Venezuela's Foreign Minister Jorge Arreaza highlighted the importance of Latin America-Africa relations for the development of both continents on Thursday.
"For us, Africa is our mother," Arreaza said after meeting with Congolese authorities in the South-South Dignity Tour, which started in Central America and the Caribbean and continued on the African continent.
On Friday, Arreaza was received in Africa by Democratic Republic of the Congo President Joseph Kabila. "The president of the Democratic Republic of the Congo, Joseph Kabila, asked us to elevate our bilateral relations to a higher level, which coincides with the spirit of this trip and the intention of cooperation of President Nicolas Maduro," Arreaza said.
On Thursday, Arreaza had met with his Congolese counterpart, Jean Claude Gakosso, and Republic of the Congo President Denis Sassou-Nguesso.
On Wednesday, he met with Nigerian officials then with Angolan President Joao Lourenco and Foreign Minister Manuel Domingos Augusto to further cooperation in the energy, oil, education and health sectors.
During the first leg of his tour, Arreaza visited Cuba, Belize, Nicaragua, Surinam, Trinidad & Tobago, Haiti, Saint Vincent, the Dominican Republic and El Salvador in Latin America.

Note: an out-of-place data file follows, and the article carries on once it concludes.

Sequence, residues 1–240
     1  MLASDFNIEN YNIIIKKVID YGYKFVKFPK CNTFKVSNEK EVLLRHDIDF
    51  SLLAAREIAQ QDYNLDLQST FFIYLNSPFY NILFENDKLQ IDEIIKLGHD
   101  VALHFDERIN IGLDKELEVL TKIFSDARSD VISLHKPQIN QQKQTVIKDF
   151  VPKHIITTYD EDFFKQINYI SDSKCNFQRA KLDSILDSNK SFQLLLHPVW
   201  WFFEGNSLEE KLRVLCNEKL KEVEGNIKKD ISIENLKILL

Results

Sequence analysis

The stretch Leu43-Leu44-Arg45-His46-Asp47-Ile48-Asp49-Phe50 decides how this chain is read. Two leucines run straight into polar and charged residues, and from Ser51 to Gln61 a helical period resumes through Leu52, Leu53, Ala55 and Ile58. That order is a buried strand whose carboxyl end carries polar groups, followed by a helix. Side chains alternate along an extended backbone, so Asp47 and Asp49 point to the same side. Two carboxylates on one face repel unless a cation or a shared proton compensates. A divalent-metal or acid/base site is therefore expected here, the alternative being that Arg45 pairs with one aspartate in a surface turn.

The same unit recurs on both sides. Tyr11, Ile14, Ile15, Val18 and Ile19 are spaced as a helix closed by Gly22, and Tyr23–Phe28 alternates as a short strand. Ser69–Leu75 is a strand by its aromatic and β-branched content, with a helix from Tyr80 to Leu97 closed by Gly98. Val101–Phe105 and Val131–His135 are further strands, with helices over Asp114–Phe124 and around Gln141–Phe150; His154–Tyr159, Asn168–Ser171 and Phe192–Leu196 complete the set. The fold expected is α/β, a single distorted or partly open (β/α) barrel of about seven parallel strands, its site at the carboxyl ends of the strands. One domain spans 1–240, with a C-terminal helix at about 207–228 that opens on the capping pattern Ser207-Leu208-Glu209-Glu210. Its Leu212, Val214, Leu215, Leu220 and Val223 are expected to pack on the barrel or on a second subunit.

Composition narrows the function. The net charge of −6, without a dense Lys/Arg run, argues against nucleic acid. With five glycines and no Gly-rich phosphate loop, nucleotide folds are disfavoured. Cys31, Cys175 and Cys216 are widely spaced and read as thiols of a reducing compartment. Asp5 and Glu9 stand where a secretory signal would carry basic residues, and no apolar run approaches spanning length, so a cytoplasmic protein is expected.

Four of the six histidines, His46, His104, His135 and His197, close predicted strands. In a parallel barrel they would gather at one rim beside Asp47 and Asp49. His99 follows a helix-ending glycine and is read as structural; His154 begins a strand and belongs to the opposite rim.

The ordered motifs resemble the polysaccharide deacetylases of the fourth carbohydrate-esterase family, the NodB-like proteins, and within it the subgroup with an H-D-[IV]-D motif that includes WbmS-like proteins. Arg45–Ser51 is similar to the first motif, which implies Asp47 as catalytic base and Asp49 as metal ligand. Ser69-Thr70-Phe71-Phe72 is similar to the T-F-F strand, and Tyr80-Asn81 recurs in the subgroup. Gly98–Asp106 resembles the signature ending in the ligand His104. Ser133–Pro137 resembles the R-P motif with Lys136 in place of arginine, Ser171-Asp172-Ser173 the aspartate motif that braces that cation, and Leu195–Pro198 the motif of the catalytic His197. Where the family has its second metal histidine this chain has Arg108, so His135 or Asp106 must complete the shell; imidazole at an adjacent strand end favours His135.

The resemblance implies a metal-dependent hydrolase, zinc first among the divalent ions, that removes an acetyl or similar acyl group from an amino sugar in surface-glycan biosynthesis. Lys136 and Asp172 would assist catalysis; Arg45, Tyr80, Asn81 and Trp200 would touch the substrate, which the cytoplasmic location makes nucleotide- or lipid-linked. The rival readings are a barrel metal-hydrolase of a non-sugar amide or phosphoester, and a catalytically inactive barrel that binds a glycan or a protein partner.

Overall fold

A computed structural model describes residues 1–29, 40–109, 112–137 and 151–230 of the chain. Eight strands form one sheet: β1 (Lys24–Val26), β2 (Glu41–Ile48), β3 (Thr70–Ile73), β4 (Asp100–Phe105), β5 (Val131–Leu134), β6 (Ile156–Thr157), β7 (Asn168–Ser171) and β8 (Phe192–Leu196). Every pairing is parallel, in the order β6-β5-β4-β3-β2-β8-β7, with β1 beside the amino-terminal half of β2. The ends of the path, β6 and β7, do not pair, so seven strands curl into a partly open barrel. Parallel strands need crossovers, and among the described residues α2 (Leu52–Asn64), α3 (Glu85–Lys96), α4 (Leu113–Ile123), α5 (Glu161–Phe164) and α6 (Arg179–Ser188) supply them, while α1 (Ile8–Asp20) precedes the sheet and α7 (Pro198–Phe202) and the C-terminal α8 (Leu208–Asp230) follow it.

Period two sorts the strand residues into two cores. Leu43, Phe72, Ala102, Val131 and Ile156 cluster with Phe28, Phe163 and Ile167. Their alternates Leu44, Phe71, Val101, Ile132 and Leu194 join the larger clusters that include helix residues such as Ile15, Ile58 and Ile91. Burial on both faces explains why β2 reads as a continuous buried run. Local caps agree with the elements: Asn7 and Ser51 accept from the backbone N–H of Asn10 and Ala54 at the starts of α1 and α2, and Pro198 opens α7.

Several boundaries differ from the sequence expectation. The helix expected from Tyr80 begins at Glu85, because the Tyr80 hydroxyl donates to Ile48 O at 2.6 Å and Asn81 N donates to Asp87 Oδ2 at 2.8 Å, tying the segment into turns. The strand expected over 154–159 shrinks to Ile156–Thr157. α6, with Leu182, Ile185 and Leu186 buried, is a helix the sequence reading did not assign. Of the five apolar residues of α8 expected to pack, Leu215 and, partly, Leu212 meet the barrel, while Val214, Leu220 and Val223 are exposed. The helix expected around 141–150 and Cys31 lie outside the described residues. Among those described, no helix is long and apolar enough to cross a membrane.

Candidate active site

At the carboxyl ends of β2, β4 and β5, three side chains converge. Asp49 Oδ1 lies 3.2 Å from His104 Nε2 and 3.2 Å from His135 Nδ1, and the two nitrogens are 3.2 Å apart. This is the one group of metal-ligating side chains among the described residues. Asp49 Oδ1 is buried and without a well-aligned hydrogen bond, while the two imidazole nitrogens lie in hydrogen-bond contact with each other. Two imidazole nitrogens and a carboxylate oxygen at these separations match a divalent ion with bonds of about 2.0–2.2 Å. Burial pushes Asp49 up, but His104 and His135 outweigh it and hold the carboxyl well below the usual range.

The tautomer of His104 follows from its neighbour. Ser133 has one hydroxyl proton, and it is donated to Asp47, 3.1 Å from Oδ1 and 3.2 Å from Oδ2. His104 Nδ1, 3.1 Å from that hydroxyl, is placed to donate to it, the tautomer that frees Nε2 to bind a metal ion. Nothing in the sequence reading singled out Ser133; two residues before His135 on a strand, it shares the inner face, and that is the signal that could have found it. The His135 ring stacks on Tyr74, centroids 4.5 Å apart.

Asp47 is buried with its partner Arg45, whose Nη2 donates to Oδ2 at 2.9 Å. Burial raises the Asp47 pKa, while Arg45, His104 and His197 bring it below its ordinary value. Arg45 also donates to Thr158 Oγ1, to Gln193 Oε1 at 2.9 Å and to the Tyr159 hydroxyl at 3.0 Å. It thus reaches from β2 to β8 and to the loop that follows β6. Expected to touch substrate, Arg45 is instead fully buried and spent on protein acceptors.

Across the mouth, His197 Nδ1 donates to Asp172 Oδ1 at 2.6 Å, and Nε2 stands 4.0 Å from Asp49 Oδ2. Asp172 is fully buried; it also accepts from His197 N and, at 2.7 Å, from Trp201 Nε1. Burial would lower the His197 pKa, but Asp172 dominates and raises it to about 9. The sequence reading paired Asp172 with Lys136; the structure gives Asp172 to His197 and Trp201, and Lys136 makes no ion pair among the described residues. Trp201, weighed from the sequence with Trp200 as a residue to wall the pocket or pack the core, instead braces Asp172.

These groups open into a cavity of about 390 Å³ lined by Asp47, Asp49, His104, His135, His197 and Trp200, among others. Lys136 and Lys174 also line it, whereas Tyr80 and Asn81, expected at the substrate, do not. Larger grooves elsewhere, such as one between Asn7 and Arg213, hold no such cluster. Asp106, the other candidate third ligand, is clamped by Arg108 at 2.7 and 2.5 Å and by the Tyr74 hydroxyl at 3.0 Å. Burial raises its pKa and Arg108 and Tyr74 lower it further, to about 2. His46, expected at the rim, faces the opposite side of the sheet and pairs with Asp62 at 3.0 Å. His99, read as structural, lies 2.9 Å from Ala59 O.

Several countries have voiced concern over Venezuela "being targeted by the United States," and are echoing calls by Maduro's government for the nation's sovereignty to be respected. Venezuelan officials have also received support from social movements during the South-South Dignity Tour.
The Dignity Tour was a response to U.S. Secretary of State Rex Tillerson's Latin America tour. During his visit, Tillerson defended the Monroe doctrine; called for an oil embargo to further strangle the Venezuelan economy; hinted at a military coup, and allegedly encouraged Venezuela's opposition not to sign an agreement with the government after talks in the Dominican Republic.
Arreaza told the press: "With Hugo Chavez, we learned to love Africa, our origins, and to learn that together we can create a great center of power.
"Together, Latin America, the Caribbean and Africa can be one great center of power of independent people who don't want war, who want to work to generate development."
The tour seeks to strengthen south-south cooperation and diplomatic ties in order to counter U.S. attempts to isolate Venezuela.